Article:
Cocoa Prices Surging Faster Than Bitcoin, Stabilization Not Expected Soon

Unprecedented Profits, Unpredictable Future: The Challenges and Opportunities Facing Belgian Chocolate Producers in the Age of Climate Change

Belgian chocolate producers are facing a challenge in the coming years, as the industry is worth 6.1 billion euros, with exports accounting for 3.4 billion euros. The port of Antwerp is also the largest storage location for cocoa beans in the world. However, one ton of cocoa now costs more than $10,000 due to disappointing harvests caused by older and diseased trees as well as weather phenomenon El Niño that led to drought in Africa. More than 60 percent of global cocoa production takes place in Ghana and the Ivory Coast, where extreme weather conditions have halved harvests. Efforts to increase cocoa production in Brazil and Ecuador are underway but it will take years for these trees to bear fruit.

Despite these challenges, investing in cocoa could prove to be profitable as the price has reached unprecedented heights in recent months. On the New York futures market, $10,047 was paid for a ton of cocoa beans on Tuesday, which is a significant increase compared to a month ago when cocoa cost almost $6,000 per ton and a year ago when it was just under $3,000. The 186 percent increase in the price of cocoa is even faster than that of Bitcoin which has risen 150 percent.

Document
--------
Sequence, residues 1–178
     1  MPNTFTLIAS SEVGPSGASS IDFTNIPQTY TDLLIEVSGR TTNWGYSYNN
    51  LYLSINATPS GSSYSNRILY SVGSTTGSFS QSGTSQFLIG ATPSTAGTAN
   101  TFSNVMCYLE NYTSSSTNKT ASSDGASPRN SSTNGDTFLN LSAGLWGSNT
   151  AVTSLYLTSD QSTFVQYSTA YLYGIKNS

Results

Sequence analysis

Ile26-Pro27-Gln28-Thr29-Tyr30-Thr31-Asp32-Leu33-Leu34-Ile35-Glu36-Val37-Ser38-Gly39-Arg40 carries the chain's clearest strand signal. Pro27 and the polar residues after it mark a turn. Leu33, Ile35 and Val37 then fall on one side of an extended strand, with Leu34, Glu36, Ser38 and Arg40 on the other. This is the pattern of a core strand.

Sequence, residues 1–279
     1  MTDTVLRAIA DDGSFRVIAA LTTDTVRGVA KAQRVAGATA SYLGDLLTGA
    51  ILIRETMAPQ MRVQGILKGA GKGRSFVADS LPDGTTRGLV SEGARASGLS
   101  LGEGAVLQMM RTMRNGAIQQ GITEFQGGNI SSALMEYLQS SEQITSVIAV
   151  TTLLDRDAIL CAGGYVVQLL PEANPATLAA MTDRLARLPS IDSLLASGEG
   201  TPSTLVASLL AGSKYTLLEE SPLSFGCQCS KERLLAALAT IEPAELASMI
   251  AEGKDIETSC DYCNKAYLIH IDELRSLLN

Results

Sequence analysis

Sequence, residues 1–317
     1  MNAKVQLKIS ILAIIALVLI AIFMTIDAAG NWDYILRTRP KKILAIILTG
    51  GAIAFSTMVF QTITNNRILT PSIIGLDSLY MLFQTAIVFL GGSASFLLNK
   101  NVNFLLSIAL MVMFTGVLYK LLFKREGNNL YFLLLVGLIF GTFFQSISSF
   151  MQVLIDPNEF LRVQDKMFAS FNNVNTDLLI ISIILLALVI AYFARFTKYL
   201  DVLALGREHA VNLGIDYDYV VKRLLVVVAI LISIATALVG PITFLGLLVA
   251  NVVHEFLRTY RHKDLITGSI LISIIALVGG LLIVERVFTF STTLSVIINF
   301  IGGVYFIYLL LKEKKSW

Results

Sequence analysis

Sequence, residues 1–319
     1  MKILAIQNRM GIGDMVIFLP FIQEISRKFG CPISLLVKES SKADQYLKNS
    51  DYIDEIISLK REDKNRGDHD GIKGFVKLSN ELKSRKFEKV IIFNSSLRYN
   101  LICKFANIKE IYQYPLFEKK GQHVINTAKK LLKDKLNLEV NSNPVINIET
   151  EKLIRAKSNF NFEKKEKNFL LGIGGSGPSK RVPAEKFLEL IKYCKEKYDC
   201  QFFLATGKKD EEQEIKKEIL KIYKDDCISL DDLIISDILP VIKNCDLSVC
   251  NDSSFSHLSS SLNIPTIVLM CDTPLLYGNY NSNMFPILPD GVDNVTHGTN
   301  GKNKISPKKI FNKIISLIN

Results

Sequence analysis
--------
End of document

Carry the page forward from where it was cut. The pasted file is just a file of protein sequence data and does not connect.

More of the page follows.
The high price of cocoa can be attributed to poor harvests caused by older and diseased trees as well as weather phenomenon El Niño which led to drought in Africa. In addition to this, large companies like Hershey and Mondelez have already indicated that they will raise prices for consumers due to increased costs associated with production. Belgian producers like Libeert can partially protect themselves against these record prices by buying cocoa at times when the price is low but it will not be enough since most of their revenue comes from exporting chocolate products made from imported beans whose prices may continue to rise due to supply chain disruptions caused by climate change and other factors such as political instability or trade wars

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